18. A computer program product for collecting and distributing data on computer viruses identified on a plurality of computers during virus scanning, the product comprising:
computer code that receives virus scan results from said plurality of computers, said results including the type of virus identified;
computer code that collects and stores at least temporarily said virus scan results in a database;
computer code that aggregates at scheduled intervals said virus scan results over a specified time period at a publisher server to create a virus database;
computer code that replicates said virus database to a subscriber server;
computer code that creates a virus report from said virus database upon receiving a request from a user at the subscriber server and sending the virus report to the user computer; and
a computer readable medium that stores said computer codes;
wherein the virus report includes a geographical map.
19. The computer product of claim 18 wherein the computer readable medium is selected from the group consisting of CD-ROM, floppy disk, tape, flash memory, system memory, hard drive, and a data signal embodied in a carrier wave.
20. The computer product of claim 18 wherein said virus scan results includes a geographic location of the computer scanned.
21. The computer product of claim 20 further comprising code that aggregates said virus scan results for a geographic location.
22. A system for collecting and distributing data on computer viruses identified on a plurality of computers during virus scanning, the system comprising:
a data collection server operable to communicate with said plurality of computers and collect virus scan results;
a database configured for storing at least temporarily said virus scan results;
a publisher server configured to aggregate at scheduled intervals said virus scan results over a specified time period to create a virus database and replicate said virus database; and
a subscriber server operable to receive said replicated virus database from the publisher server and create a virus report upon receiving a request from a user at the subscriber server;
wherein the virus report includes a geographical map.
23. The system of claim 22 wherein the subscriber server comprises a plurality of subscriber servers.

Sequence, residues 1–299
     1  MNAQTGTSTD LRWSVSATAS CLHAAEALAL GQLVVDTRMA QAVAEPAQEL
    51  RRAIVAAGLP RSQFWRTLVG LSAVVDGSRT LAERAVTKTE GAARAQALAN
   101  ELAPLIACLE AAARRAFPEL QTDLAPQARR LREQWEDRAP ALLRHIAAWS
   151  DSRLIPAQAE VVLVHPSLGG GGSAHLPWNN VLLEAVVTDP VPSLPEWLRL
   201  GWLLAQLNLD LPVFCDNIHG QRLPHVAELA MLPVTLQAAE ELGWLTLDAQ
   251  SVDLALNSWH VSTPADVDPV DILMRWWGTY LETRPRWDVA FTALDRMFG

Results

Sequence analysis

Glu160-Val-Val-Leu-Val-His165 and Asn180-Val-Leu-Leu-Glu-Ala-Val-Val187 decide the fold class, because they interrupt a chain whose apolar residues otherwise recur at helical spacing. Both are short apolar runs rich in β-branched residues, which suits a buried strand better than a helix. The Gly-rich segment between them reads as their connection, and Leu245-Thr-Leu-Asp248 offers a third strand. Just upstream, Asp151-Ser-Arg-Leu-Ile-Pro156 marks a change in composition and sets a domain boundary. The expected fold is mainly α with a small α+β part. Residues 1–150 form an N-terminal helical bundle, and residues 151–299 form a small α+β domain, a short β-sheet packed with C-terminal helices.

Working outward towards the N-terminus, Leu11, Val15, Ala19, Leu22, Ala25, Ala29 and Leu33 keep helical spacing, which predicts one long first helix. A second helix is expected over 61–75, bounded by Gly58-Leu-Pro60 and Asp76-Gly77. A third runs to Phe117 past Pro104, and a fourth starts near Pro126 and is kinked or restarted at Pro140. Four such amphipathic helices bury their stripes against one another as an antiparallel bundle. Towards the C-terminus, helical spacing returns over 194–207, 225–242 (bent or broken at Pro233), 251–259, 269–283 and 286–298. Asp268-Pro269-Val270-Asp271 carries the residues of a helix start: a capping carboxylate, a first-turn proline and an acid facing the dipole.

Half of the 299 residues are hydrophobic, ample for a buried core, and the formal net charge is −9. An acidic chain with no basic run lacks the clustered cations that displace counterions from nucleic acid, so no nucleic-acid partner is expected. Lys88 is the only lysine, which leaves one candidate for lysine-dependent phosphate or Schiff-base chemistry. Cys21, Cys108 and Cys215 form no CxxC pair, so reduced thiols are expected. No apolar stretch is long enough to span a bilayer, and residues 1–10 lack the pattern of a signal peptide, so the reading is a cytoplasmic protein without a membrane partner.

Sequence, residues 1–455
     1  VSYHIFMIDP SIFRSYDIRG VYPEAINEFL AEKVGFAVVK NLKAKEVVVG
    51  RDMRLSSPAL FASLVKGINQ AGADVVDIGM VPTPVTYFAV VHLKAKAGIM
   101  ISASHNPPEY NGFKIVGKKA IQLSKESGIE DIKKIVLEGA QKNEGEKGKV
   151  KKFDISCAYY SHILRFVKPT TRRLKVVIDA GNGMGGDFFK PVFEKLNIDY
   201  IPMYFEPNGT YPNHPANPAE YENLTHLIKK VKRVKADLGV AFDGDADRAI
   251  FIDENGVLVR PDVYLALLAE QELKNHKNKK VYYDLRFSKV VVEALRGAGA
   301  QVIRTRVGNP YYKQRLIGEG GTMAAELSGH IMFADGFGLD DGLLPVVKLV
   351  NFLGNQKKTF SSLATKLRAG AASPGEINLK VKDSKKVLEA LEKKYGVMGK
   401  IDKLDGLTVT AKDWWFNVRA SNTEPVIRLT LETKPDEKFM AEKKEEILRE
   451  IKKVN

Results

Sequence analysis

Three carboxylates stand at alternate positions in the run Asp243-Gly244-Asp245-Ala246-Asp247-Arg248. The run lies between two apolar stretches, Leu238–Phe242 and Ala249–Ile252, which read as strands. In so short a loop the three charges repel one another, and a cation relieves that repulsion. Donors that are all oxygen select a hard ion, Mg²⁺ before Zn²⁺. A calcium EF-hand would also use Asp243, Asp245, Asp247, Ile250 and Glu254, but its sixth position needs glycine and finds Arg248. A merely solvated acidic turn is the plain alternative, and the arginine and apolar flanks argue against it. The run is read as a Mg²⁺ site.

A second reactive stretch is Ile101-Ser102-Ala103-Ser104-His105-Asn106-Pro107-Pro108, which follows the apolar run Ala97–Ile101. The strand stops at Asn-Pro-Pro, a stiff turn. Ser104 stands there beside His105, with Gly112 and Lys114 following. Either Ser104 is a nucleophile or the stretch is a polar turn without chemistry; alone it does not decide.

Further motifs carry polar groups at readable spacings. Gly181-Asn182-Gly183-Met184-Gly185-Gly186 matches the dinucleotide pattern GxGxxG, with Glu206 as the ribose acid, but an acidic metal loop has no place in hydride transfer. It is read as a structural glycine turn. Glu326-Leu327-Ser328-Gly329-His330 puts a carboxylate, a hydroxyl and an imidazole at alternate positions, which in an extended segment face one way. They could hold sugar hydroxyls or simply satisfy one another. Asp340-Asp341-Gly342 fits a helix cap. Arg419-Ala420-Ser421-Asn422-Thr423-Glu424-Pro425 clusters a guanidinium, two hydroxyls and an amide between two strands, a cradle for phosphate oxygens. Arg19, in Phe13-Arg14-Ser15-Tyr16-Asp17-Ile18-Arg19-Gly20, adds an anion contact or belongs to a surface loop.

24. The system of claim 22 wherein the subscriber server and the data collection server are in communication with user computers via the Internet.
25. The system of claim 22 wherein said virus report is an interactive map.
26. A computer-implemented method, the method comprising:
collecting a plurality of virus scan results;
aggregating said virus scan results to create a virus database; and
creating a virus report from said virus database;
wherein the virus report includes a geographical map.
27. The method of claim 26 wherein the geographical map includes a view by location option.
28. The method of claim 26 wherein the geographical map includes a view by virus name option.
29. The method of claim 28 wherein the virus name option includes a drop down menu including virus names.
30. The method of claim 26 wherein the geographical map includes a track infected files option.
31. The method of claim 26 wherein the geographical map includes a track infected computers option.
32. The method of claim 26 wherein the geographical map includes an option for identifying statistics for a specific geographical area.
33. The method of claim 26 wherein the geographical map includes a legend that identifies different colors associated with the number of infections found in a specific geographical area.
Description
BACKGROUND OF THE INVENTION

The present invention relates generally to computer viruses, and more particularly, to a system and method for tracking computer viruses.

A huge surge in computer viruses has occurred in the last decade. Computer viruses have gone from an academic curiosity to a persistent, worldwide problem. Today, viruses affect vast numbers of computers in locations throughout the world. A computer virus is generally a manmade destructive computer program or code that is loaded onto a computer system without the knowledge of the user. The computer virus is often a self-replicating program containing code that explicitly copies itself and can infect other programs by modifying them or their environment. Even a simple virus can be dangerous as the virus can quickly use a large portion of the available memory and possibly bring down the computer system.